The community was outraged and accused them of scamming, which Chef Nomi denied, ensuring them it wasn’t an exit scam.
Then, the mysterious Chef transferred control over to Sam Bankman-Fried, returned the money, and was very apologetic in his Tweets.
In the words of Chef Nomi, “To everyone. I fucked up. And I am sorry.” Chef Nomi further wrote, “I would like to apologize to everyone who I have caused troubles to. I was emotional, I was greedy, I was afraid. I made bad controversial decisions under pressure. And it hurt everyone. I failed your expectation and I am sorry.”
9. SQUID Token Scam
The SQUID token, based on the viral Netflix TV show Squid Game, was advertised as a token that will grant access to a play-to-earn game. Even though the token wasn’t affiliated with Squid Game, it gave the impression it was reputable because of the connection. Fans of the TV show rushed to invest in it.
Because the token was rapidly going up in value, people were doubling and tripling their initial investment. However, they found out they weren’t able to sell their SQUID tokens.
Then suddenly, all the money people invested in the SQUID token, which totaled $3.36 million, disappeared. In mere minutes, the token essentially lost all of its value.
Interestingly, one of the investors who was scammed, Hartford, wasn’t angry about the money he lost. “You live by the sword, you die by the sword. That’s crypto.”, he said to Wired.
10. Day of Defeat Rug Pull
Day of Defeat is a token that promised its holders a “10,000,000X price increase”. Sounds too good to be true? Well, it is.
This project ended up being a $1.3 million rug pull. The team behind the project claimed they were hacked, but nobody believed it.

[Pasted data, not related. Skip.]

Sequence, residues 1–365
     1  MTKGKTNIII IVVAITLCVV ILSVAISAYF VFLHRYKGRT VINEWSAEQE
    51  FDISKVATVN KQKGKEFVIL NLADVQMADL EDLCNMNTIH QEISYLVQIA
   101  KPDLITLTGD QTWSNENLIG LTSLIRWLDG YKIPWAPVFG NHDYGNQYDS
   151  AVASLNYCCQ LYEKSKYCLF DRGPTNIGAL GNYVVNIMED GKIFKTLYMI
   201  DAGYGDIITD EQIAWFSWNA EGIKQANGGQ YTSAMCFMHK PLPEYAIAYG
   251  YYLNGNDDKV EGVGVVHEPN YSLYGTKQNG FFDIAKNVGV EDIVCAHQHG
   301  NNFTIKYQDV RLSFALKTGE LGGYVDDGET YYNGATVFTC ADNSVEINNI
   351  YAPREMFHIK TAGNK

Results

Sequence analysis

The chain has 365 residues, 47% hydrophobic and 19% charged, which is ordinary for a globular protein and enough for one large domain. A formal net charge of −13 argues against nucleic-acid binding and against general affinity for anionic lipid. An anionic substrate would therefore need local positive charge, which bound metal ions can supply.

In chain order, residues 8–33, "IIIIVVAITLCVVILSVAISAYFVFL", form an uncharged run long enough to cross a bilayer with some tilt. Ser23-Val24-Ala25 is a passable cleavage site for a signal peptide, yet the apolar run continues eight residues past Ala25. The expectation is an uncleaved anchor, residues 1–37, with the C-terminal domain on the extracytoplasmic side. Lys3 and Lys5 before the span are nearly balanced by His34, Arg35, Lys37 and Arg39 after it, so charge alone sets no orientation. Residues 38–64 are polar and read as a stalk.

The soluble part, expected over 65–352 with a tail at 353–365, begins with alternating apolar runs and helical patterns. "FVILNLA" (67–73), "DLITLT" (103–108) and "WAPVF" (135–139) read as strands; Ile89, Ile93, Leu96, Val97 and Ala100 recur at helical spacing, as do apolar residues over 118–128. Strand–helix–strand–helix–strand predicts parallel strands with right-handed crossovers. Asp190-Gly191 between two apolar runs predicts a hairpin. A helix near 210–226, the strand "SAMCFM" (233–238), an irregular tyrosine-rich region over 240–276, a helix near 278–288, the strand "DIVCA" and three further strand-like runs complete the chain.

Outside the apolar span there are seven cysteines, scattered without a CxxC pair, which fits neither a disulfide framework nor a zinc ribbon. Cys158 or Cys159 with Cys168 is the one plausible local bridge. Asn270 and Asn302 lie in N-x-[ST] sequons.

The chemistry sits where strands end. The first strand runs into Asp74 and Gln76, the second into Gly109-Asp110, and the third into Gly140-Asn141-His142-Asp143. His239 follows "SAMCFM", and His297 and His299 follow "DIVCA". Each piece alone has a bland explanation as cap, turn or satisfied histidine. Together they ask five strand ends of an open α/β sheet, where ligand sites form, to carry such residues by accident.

What’s so tragic about it is the info on Day of Defeat’s website clearly pointed to a scam, but people were blinded by promises of big returns. For example, in the FAQ section, the team behind the project said, “we promise that the team will not redeem the pool fund”, but that was exactly what they did.
11. Baller Apes Scam
Le Anh Tuan launched the Baller Apes NFT collection and it got traction as many people were investing in it. However, after the collection launch, Tuan disappeared with the money and deleted the project’s website.
In June 2022, he was charged with cryptocurrency fraud in cases with more than $100 million in losses.
12. Frosties NFT Rug Pull
Frosties is one of the top NFT rug pulls in 2022. Its investors were scammed out of $1.3 million. Luckily, 20-year-olds behind the project, Ethan Nguyen and Andre Llacuna, were busted by the FBI.
It was a textbook rug pull – once the Frosties NFTs sold out, the team stole people’s money and went offline, leaving everybody in the dark.
13. Evolved Apes NFT Rug Pull
Evolved Apes NFT collection was a teaser for an upcoming play-to-earn game where people would use these NFT characters to battle and win rewards.
The first Evolved Ape NFT drop sold out in just ten minutes – this goes to show how excited people were about it.
Just one week after the initial drop and before the promise of the game was fulfilled, the developer withdrew 798 ETH and disappeared, deleting his social media accounts. This was another typical NFT rug pull that’s quick and leaves everybody shocked.
14. Orfano Tokens Scam
The goal of Orfano coin was the first charity token, as it was claimed to benefit orphans in poor countries. People fell in love with its charitable mission and invested in it.
Turns out, it was a scam and the project was shut down.
Quickly after that, Hanad Hassan, the person behind Orfano, launched another token – OrfanoX.
You guessed it – it was another scam.
The crazy thing is, Hassan managed to get BBC to promote it with an article and a documentary. Luckily, the documentary called We Are England: Birmingham’s Self-Made Crypto-Millionaire was pulled just hours before it was scheduled to air.
15. OpenSea Discord Hack
In May 2022, somebody hacked OpenSea’s Discord and promoted an NFT scam. OpenSea is the largest and most popular NFT marketplace, which is why this was so concerning.
Essentially, hackers tried to redirect users who clicked on the fake NFT drop’s YouTube link to a phishing site.
Luckily, it didn’t end up being a huge scam compared to others as less than ten users were scammed and less than 10 ETH was stolen.
Final Thoughts on Crypto Scams
As you can see, the crypto ecosystem is riddled with all kinds of scams. Unfortunately, it can happen to anyone. To try to avoid them and safely invest your assets, do your due diligence and make sure that the project is legit.